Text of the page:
Is the ladette culture resulting in more women with broken noses?

shutterstock_35037484

The word “ladette”, defined by the Oxford Dictionary as “a young woman who behaves in a boisterous, assertive or crude manner and engages in heavy drinking sessions”, and the related culture of alcohol-fuelled anti-social behaviour has been quoted as being on the rise in the UK.

A retrospective study in three district hospitals has shown an 825 per cent increase in females aged 13–20 years attending for nasal fractures from 2002 to 2009.

The study supports the notion that violence amongst young women is increasing with a significant proportion of injuries being caused by non-domestic violence.

A retrospective study was performed in three district UK hospitals (Luton and Dunstable Hospital, The Lister Hospital and the Royal United Bath Hospital), serving a catchment population of approximately 1.5 million.

Operating theatre data for all females who attended hospital for manipulation of a nasal fracture under anaesthesia between January 2002 and December 2009 were retrieved. Case notes of all female patients attending Luton and Dunstable Hospital for assessment of a nasal fracture over a five-year period, from January 2004 to December 2009, were also reviewed, regardless of whether the patients underwent manipulation of their fracture under anaesthesia or not.

From 2002 to 2009, the collected data demonstrated an increase in the number of women presenting with nasal fractures, in all age groups. The greatest increase in incidence was seen in the 13–20 year age group. There were only 4 girls who underwent manipulation under anaesthesia across the 3 sites in 2002, whereas the respective number in 2009 had risen to 33, representing an 825 per cent increase. By comparison, the incidence in males had only risen from 47 to 102 during the same time period, a 217 per cent increase.

Accidental injury was the most common cause of nasal fracture. Falls and occupational accidents seem to play an increasing role in the epidemiology of nasal injuries in women, as they become more exposed to the respective risk factors in a society that considers them stronger and more independent compared with previous decades. Domestic accidental injuries are also frequently reported; a comment on how many of these are truthfully accidental would be purely speculative. Indeed, domestic violence continues to be under-reported by many victims, and was only cited in 2 per cent of the case notes reviewed in the present study. Sport-related injury was also a common cause of nasal trauma in the present study; an overall increase in nasal fractures amongst young women could also be related to an increased participation in sport.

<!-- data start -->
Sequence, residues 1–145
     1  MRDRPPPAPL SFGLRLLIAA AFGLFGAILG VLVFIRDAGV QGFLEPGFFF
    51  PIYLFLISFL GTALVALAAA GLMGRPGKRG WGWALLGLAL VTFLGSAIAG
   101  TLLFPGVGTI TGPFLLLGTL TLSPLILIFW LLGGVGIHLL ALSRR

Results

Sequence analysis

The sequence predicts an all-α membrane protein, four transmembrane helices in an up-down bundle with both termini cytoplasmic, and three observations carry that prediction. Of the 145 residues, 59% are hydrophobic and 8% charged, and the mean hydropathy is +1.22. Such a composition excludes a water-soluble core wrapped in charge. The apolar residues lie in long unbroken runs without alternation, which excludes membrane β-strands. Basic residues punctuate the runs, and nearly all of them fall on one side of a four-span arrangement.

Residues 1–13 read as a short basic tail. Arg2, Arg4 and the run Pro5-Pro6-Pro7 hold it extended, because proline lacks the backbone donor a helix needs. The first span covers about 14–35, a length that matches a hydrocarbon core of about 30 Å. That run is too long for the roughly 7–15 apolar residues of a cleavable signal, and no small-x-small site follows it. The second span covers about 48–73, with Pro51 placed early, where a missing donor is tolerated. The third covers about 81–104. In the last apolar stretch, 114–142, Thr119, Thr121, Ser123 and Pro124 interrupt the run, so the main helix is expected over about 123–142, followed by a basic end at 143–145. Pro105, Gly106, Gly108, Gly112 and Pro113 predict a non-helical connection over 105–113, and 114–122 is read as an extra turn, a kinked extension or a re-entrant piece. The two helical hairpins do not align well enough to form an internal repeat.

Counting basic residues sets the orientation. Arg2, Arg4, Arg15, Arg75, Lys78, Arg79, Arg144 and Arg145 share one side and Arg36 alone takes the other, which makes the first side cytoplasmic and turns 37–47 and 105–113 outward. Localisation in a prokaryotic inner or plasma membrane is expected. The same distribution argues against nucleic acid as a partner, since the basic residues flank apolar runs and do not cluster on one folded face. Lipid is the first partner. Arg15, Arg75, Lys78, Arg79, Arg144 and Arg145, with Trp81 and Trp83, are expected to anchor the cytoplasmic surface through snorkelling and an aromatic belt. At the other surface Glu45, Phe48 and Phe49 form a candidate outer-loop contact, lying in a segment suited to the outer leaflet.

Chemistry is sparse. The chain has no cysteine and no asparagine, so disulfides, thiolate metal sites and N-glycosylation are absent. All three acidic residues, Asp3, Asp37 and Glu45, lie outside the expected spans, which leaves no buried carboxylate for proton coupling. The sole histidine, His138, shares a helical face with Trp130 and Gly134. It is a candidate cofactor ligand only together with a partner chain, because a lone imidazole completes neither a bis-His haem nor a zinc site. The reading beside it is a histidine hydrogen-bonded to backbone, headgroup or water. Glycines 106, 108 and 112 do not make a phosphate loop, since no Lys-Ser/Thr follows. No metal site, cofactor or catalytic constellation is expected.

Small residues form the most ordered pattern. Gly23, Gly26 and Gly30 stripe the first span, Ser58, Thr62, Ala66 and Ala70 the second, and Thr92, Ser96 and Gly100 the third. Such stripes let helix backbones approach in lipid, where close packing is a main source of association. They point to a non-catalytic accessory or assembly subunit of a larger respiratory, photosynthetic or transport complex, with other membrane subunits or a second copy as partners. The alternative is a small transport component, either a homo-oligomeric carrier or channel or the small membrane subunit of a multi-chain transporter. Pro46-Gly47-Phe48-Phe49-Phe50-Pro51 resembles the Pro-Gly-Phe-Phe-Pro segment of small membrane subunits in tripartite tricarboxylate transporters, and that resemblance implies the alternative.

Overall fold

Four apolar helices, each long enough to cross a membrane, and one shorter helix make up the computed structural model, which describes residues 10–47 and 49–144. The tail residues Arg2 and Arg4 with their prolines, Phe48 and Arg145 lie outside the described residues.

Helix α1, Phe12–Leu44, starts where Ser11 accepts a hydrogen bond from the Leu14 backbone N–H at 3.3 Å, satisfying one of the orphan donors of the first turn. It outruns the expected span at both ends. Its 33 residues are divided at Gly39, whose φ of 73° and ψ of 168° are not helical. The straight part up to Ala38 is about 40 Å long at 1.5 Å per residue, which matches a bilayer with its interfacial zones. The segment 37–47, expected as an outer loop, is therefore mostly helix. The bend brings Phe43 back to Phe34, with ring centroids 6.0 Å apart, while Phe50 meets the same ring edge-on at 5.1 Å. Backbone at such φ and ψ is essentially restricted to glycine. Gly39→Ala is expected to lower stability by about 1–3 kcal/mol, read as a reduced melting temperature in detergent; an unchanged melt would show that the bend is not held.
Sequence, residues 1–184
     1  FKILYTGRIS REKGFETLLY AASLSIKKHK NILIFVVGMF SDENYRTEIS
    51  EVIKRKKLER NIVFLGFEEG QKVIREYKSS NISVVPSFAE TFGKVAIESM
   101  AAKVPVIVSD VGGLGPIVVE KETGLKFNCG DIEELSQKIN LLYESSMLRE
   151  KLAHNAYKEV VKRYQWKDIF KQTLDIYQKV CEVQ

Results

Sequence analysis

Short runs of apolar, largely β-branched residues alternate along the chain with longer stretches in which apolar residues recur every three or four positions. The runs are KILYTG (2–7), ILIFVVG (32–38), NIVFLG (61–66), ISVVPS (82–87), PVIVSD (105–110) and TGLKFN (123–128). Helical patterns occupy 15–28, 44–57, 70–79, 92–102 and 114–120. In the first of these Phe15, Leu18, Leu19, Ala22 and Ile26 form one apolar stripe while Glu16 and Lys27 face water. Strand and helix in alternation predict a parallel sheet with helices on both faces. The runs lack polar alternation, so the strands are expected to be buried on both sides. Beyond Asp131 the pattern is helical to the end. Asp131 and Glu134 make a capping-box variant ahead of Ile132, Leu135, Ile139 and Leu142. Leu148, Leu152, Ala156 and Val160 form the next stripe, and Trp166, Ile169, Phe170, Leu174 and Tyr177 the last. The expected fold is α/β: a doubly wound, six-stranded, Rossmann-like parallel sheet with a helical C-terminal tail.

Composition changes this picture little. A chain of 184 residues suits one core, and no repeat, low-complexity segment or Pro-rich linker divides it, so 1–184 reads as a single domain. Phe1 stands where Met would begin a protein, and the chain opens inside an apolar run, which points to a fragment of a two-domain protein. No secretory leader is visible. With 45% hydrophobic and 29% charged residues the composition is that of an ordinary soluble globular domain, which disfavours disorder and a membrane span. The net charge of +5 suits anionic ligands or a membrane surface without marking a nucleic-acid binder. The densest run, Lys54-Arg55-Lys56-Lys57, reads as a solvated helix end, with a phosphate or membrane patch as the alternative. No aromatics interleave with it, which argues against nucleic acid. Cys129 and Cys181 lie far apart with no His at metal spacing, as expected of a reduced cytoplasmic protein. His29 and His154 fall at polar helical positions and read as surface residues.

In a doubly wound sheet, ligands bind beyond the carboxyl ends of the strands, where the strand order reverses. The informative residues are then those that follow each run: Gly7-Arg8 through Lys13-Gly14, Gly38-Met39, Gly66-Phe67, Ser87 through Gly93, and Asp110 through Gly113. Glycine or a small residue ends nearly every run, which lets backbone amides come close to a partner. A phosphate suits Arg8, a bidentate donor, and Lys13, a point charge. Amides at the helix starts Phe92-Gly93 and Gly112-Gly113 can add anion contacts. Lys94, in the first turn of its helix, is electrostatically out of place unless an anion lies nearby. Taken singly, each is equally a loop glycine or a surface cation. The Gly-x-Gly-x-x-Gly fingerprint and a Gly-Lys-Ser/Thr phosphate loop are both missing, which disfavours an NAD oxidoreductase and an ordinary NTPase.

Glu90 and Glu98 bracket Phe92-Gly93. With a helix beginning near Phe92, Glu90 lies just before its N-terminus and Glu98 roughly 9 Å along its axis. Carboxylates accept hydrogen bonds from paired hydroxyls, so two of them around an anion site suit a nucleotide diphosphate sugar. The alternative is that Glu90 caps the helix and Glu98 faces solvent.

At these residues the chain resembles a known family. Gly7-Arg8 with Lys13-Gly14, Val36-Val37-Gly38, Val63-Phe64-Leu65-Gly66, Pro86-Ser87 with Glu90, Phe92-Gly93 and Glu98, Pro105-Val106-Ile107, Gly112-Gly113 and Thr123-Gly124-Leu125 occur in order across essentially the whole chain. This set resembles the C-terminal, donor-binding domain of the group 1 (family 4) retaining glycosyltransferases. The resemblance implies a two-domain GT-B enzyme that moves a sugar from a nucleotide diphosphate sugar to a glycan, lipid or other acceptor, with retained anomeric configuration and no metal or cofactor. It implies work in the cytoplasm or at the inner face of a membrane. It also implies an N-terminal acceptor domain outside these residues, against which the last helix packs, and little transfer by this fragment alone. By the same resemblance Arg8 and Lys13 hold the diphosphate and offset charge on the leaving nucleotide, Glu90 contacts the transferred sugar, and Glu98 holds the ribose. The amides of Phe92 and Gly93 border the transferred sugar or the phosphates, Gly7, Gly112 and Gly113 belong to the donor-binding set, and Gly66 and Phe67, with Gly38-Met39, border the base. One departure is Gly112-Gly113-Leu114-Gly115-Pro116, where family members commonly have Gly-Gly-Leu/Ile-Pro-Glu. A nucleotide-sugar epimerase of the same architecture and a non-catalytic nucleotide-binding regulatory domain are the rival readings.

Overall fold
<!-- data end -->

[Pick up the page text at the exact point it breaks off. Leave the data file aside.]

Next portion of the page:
In almost a quarter of cases in the Luton and Dunstable Hospital, nasal injury was the result of non-domestic violence. This type of violence stems from interpersonal conflicts, and its rates have been associated with the consumption of alcohol. Moreover, at least two UK studies from the past decade showed that alcohol consumption was closely associated with a rise in anti-social behaviour, violence and criminality in young girls. In addition, a significant correlation between cheap, readily-available alcohol and violent injury was found in a study involving 58 accident and emergency departments in 10 distinct economic regions of the UK. Therefore, the increased incidence of nasal fractures amongst young women in the present study may, at least in part, be attributed to increasingly violent behaviour amongst young women.

View the full paper “Is there a change in the epidemiology of nasal fractures in females in the UK?” free for a limited time here.

New research study exploring the benefit of probiotic in people with spinal injury

Researchers at the National Spinal Injuries Centre (NSIC) in Stoke Mandeville Hospital, a research partner of the Centre of Gastroenterology and Clinical Nutrition at University College London, have found that a daily commercial probiotic drink (containing Lactobacillus casei Shirota: Yakult Light) significantly reduces incidence of antibiotic-associated diarrhoea in spinal injury patients.

The study, published today in the peer-reviewed British Journal of Nutrition, was funded by the Healthcare Infection Society and by Yakult UK Limited, who also provided the Yakult Light drinks.

Spinal injury patients are very prone to diarrhoea when on antibiotics. Antibiotics can disturb the ecosystem of micro-organisms normally present in the digestive system, allowing bacteria such as Clostridium difficile to overwhelm the gut.

probiotic

The randomised controlled study involved 164 spinal injury patients prescribed antibiotics*. The patients were in two groups: one group taking a daily Yakult during the antibiotics and for one week afterwards, and the other group not taking any probiotic.